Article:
Reinforcement in the Classroom: Nurturing Positive Learning Environments

Both as educators and parents, we frequently associate reinforcement with smiley stickers, candies and pizza parties. We tend to overlook that even in adulthood, reinforcement plays a significant role. In the workplace, it can look like verbal praise or recognition for an individual accomplishment being posted on a company-wide forum or email OR receiving a promotion or raise based on exceptional performance. When we experience reinforcement in either of these ways, we are motivated and are more likely to keep engaging in these behaviors!

In the words of B.F Skinner, “Reinforcement is the key to unlocking the potential within every learner; it’s not just a technique but the cornerstone of shaping behavior and fostering meaningful education.” Reinforcement in the classroom can support academic progress, contribute to social and emotional development and behavior management.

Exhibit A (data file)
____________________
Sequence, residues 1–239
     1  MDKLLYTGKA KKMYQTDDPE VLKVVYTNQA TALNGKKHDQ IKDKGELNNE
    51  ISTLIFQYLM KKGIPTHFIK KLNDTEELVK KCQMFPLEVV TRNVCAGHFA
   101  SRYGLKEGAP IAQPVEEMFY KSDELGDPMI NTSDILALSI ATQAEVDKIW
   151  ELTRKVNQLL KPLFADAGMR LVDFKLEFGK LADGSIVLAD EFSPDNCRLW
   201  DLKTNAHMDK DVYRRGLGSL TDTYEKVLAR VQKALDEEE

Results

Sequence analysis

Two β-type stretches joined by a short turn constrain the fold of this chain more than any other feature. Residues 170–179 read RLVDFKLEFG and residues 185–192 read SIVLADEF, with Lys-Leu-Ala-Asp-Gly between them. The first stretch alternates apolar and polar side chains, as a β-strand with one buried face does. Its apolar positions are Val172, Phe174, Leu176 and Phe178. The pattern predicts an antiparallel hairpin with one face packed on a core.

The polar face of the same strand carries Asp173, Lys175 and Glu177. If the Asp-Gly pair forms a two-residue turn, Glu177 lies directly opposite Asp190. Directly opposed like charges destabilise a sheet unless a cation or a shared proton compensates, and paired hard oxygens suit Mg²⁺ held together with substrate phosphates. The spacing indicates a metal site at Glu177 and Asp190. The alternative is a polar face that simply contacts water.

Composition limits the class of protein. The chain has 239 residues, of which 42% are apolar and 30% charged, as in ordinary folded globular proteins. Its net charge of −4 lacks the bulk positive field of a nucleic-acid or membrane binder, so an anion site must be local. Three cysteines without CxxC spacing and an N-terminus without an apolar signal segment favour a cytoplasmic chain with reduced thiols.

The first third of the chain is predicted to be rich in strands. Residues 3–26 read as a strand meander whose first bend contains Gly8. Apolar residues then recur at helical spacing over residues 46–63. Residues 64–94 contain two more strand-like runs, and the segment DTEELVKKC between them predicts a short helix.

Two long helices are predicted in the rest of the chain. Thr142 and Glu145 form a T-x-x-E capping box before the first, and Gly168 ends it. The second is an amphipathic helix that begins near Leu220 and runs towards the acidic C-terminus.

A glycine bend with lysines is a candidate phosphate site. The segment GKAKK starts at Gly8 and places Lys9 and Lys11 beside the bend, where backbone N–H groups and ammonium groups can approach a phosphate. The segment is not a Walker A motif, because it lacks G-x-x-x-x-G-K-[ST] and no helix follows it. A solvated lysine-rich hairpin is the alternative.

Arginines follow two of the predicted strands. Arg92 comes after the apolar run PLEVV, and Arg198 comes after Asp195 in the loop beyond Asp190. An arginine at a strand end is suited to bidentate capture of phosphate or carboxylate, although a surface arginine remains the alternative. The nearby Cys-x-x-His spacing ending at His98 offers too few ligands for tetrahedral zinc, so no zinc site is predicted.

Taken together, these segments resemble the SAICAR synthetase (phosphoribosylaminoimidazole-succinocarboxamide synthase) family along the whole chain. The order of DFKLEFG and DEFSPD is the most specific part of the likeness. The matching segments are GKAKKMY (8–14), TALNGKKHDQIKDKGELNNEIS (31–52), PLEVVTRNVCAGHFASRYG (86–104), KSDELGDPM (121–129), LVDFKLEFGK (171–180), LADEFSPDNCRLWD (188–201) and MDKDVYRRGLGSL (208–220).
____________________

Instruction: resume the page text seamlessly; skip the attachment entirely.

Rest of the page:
When considering reinforcement there are two types: positive and negative reinforcement.


While exploring the benefits of reinforcement toward academic progress, when students know that their efforts will be acknowledged, students will be more likely to participate actively within the classroom. This recognition acts as a powerful motivator, prompting students to not only participate in classroom activities but also diligently complete assignments driving the students to academic progress. When considering students with attention challenges, establishing a strong motivator can help redirect student’s attention back to the activity at hand, enhancing their ability to maintain new skills and engage in rich learning experiences.